Incoming Students Will Be Tested For COVID-19 Twice, Told To Avoid Interactions While Awaiting Results
The UMass-Amherst campus has adopted a “guarded operational posture” as it prepares for the arrival of thousands of undergraduate students starting next Monday, January 25.
“We’re cautiously optimistic at this point that things are going to go well,” said Mary Dettloff, UMass deputy director of communications. About 5,400 UMass students will be on campus for the semester beginning February 1, and 7,000 to 8,000 off-campus, Dettloff said Friday, (1/22). The university maintains that it has protocols and a “proven infrastructure” initially established last fall, to test for COVID-19 and protect public health. It cites a “moderate number of cases” with most from a known source, warranting increased personal precautions.
Officials will be paying close attention to a combination of COVID-19 indicators, including case numbers in Hampshire County, weekly positivity rates at UMass and in the Town of Amherst, along with quarantine space capacity and inventory supply levels, according to the UMass website. The university’s operational stand will also depend on state and federal guidance, and the campus’ ability to manage contact tracing. A Public Health Response Team will meet daily, the website states.
The UMass COVID-19 Dashboard of statistics shows that as of Friday, 206,372 COVID-19 tests have been performed at UMass-Amherst. The results show 746 confirmed cases in the community since last August, including 615 among off-campus students, 29 on-campus, and 102 cases among faculty and staff. UMass was averaging eight new COVID-19 cases per day for the seven days ended January 20.
Meanwhile, the Town of Amherst listed 143 “active” COVID-19 cases on Friday, and a total of 1,054 since the pandemic began. Most of the instruction provided by UMass will still be virtual this semester, Dettloff said, although most students living on campus will have at least one in-person class.
Not All Students Eligible For Dorm Residency Accepted Invitation
The semester is starting two weeks later than usual, and there will be no spring break. Long weekends for Presidents’ Day and Patriots Day have been cancelled, to minimize student travel to and from potentially high-risk regions. Instead, two “Wellbeing Wednesdays” are planned for students. Commencement is set for May 14 and 15, but according to the revised UMass 2021 calendar, “no decisions have been made about whether the ceremonies will be virtual or held in person.”
Although UMass officials had previously said its residence halls could be up to 60% full, Dettloff said not all students who were eligible to live in dorms decided to do so. Instead, the 5,400 students who will be in dorms reflect about 39% of normal capacity. “There were some (students) who decided it was better for them to stay home,” she said.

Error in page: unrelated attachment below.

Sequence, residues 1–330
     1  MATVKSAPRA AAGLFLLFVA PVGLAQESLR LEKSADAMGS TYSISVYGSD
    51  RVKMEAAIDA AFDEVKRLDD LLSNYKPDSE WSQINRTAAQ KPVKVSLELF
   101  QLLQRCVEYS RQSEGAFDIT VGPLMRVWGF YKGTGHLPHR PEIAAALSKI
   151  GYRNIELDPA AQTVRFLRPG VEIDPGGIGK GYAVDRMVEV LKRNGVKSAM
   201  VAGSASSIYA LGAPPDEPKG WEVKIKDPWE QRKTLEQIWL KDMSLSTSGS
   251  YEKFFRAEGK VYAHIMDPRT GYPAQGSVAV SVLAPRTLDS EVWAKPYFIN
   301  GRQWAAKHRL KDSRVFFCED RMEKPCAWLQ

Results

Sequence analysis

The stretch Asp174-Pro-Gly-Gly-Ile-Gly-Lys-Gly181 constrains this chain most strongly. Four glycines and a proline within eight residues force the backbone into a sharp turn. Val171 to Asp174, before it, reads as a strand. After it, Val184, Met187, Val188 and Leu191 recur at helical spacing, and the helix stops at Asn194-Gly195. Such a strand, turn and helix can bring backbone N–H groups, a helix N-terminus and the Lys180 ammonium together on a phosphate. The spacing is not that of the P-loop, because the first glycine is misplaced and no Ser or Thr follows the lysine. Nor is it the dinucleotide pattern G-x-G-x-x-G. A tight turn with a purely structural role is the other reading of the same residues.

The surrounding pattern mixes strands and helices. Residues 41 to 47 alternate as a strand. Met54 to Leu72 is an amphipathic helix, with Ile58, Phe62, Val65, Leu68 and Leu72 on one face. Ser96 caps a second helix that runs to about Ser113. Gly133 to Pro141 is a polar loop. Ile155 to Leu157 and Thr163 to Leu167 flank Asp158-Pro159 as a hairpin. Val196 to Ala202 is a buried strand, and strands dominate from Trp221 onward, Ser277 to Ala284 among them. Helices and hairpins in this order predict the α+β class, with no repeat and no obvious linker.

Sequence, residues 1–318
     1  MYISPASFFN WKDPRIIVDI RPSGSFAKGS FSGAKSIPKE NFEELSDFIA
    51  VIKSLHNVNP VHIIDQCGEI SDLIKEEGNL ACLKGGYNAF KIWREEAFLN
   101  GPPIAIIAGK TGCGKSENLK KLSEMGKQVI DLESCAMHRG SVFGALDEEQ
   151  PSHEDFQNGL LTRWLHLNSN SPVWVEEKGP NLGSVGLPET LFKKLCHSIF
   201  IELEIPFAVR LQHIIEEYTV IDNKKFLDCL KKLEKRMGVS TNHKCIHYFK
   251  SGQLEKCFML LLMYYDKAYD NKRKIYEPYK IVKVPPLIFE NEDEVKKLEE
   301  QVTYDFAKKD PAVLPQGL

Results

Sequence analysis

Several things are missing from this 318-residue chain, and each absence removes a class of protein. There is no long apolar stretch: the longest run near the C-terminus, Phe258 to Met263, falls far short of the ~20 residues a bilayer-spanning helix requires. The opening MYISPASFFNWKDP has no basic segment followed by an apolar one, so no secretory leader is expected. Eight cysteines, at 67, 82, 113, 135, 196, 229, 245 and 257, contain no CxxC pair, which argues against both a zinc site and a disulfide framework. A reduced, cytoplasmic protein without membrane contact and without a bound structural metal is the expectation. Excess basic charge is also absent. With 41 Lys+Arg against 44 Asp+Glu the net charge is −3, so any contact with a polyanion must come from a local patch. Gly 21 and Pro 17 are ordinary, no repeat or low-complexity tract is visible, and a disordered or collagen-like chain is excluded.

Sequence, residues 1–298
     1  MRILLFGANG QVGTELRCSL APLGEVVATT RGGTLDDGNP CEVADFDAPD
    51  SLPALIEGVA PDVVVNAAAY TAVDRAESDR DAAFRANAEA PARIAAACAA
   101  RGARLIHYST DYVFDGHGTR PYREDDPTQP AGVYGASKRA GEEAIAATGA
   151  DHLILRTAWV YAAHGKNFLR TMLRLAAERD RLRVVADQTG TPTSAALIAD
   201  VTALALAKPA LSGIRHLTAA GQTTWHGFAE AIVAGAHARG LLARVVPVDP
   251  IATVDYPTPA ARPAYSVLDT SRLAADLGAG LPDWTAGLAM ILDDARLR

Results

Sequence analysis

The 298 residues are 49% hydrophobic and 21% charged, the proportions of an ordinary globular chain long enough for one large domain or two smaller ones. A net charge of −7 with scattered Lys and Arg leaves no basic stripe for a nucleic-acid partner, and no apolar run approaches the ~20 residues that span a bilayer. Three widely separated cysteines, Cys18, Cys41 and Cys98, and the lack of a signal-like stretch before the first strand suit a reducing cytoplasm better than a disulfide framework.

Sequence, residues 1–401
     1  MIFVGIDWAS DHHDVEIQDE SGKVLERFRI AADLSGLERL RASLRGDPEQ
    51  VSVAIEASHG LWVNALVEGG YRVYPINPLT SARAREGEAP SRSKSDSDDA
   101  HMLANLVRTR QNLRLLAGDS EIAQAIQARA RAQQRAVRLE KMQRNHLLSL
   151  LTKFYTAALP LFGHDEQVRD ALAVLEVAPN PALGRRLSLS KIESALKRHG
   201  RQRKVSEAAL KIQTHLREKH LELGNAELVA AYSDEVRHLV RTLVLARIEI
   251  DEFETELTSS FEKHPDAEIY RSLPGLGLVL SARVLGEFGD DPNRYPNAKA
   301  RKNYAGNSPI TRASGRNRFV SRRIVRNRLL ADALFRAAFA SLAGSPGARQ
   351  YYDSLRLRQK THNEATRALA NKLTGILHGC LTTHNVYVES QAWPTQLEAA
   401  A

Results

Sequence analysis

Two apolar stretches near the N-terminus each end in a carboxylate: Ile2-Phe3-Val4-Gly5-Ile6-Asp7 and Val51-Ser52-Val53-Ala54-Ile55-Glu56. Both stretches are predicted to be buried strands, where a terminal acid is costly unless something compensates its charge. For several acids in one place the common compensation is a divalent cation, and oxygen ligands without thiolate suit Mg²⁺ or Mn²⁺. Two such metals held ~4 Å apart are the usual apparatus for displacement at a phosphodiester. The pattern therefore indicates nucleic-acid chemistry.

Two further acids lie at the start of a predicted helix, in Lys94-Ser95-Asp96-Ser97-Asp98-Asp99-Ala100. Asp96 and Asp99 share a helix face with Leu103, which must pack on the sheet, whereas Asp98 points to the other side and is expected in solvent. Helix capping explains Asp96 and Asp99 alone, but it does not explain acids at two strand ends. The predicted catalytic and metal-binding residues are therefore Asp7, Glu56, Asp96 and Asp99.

UMass had said it would allow some students who wished to have a specific roommate to do so, but the “vast majority” will be in single rooms, Dettloff said. Those invited to live on campus included undergraduates enrolled in mandatory face-to-face classes or athletics, first-year students and new transfers. Students depending on UMass for housing and dining, or requiring specific academic accommodations, were also invited to live on campus.
The return will be phased, with students traveling by air or enrolled in in-person classes set to arrive from January 25 to 27, and all others from January 28 to 31. A spring move-in instructional video for UMass students is here.
Modified Quarantine Required Until Second Negative Test Result
Students are being told they must get a COVID-19 test at the Mullins Center upon arrival, and be tested again on their fourth day here, limiting all interactions until they get a second negative test result. They must avoid interactions with others during that time, leaving their room or off-campus residence to “pick up food, get tested or receive medical care,” according to the UMass website. After the second negative test, students can participate in face-to-face classes, research and campus activities.
“Back-to-campus quarantine is a modified quarantine … you are not required to entirely separate yourself from other people. Rather, you should limit your interactions,” the website states.
Both on and off-campus students will be required to undergo testing twice a week during the semester, and to perform a daily self-check, based on a symptom checklist. They will also be required to follow the university’s Interim Pandemic Policy. Visitors will not be allowed in campus or in residence halls, and student gatherings of greater than five people will require a plan pre-approved by UMass Environmental Health & Safety.
UMass will be asking townspeople to avoid campus, and is urging students to limit their off-campus activities, in an effort to create “kind of a bubble” around the student population, Dettloff said. “We’re asking students to remain on-campus as much as possible,” she added. Nonetheless, UMass can’t control the movement of off-campus students, who “can come and go as they please.”
A list of frequently-asked questions and answers about UMass and its functions during the COVID-19 pandemic are here.